Nevertheless, Mr. Schaefer created one of the great Western heroes, to rank with Lassiter or The Virginian. Shane is a marvelous figure who sums up all the Western virtues. He is brave, knowing, good with a gun, loyal and firmly on the side of right in a country where there is no marshal for a hundred miles and if justice is to be done, it has to be home-made.

His appearance is always shadowy. We know he is not tall but he is lithe, cat-like. “For all his slim build, he was plenty rugged.” Darkness, of costume and mien, is suggested. (This notion was of course lost in the movie where Alan Ladd, in coiffed blond hairdo, Hollywood tan, light buckskins and a white hat, verges on the dude). Schaefer’s Shane is, naturally, taciturn. He does not need to justify himself. His actions speak for him. All the family fall under his spell: Joe Starrett, leader of the farmers and giant of a man, defers to Shane. His wife Marian is captivated by the stranger. The boy Bob hero-worships him.

Schaefer himself has denied consciously inserting symbols. Some writers have suggested that Shane is a Christ-like figure, or a gun-toting Western Christ anyway, and say that it isn’t an accident that the humble couple visited by this savior are called Joe and Marian. That seems far-fetched to me. But there is something “Olympian” or super-human about Shane (in the film he descends from the mountains) and other commentators have compared him to a messiah, a saint or an angel. Others still have thought of him as an Arthurian knight or a Japanese samurai, which is probably a better image. For Shane is a wandering warrior from another time.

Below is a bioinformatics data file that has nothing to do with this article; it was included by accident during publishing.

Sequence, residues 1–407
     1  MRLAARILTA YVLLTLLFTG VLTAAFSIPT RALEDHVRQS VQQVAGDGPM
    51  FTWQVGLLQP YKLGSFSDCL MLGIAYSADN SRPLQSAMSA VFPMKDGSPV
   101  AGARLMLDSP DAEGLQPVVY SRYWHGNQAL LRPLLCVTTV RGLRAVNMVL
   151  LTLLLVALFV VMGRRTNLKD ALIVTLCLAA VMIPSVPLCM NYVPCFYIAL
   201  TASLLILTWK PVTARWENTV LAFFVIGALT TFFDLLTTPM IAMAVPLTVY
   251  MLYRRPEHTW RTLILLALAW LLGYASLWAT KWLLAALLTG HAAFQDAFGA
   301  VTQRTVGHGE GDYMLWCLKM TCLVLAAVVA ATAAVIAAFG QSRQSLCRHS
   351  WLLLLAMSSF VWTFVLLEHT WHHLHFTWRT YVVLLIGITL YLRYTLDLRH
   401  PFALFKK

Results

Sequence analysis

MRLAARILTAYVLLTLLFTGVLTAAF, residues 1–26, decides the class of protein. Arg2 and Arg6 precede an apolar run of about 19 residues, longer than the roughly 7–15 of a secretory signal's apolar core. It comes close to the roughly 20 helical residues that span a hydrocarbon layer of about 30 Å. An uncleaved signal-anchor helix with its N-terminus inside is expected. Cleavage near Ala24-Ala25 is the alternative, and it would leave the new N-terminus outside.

Historically speaking, the book does capture something of the spirit of the time and place. We are in Wyoming in 1889, when the big ranchers were on the point of being “fenced out” by the farmers and some were resorting to violence to protect their open grazing land. It was the time of the Johnson County War (1892) and so it does ring quite true. In 1891 two homesteaders were murdered, shot to death near Buffalo WY, and although it has never been proved, it is likely that a “stock detective”, Frank Canton, hired by the big cattlemen, did it. Stark Wilson in the novel, when he shot down the farmer in town, was not so far removed from the reality.

The sexual tension in Shane lies beneath the surface - to the point where young readers (1950s ones anyway) would not have noticed it, as Bob appears not to notice. But the “triangle” is subtly done (and also very well handled in the film). It is all the more electric for the restraint with which it is treated. (This was lost in Clint Eastwood’s remake, or homage to Shane, Pale Rider in 1985, in which the preacher sleeps with the woman).

A fundamental theme of the book is “growing up.” Bob tells the story as a man, in retrospect, and there are many references to growing into manhood. The frontier is also growing into a stable society, with laws and churches and schools. The United States, indeed, is growing up as a nation. It was in fact a key theme of Schaefer’s, in many of his books. As John Ford so often underlined, this very act of maturation as “civilization” marched West, eroded exactly the noble and worthy qualities of independence, courage and self-sufficiency which had made the West what it was. Mr. & Mrs. Ransom Stoddard express this eloquently in The Man Who Shot Liberty Valance. Shane is a dinosaur. As is Fletcher, the cattleman, of course. The difference is, Shane says, that he knows it while Fletcher is trying vainly to turn back the tide.